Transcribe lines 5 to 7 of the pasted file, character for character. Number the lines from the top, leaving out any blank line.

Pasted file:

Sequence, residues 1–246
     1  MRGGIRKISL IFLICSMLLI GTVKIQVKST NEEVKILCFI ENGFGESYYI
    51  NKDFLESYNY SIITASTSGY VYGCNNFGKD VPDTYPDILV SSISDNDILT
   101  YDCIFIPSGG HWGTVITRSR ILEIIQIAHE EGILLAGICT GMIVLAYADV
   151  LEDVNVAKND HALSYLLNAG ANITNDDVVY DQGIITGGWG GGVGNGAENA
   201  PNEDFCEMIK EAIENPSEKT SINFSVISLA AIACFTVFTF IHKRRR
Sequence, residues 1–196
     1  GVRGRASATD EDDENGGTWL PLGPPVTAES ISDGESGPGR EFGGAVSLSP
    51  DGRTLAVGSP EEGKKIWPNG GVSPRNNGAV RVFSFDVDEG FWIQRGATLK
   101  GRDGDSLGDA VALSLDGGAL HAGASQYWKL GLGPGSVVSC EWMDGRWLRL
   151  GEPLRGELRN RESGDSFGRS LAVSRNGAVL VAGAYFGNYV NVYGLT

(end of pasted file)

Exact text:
   151  LEDVNVAKND HALSYLLNAG ANITNDDVVY DQGIITGGWG GGVGNGAENA
   201  PNEDFCEMIK EAIENPSEKT SINFSVISLA AIACFTVFTF IHKRRR
Sequence, residues 1–196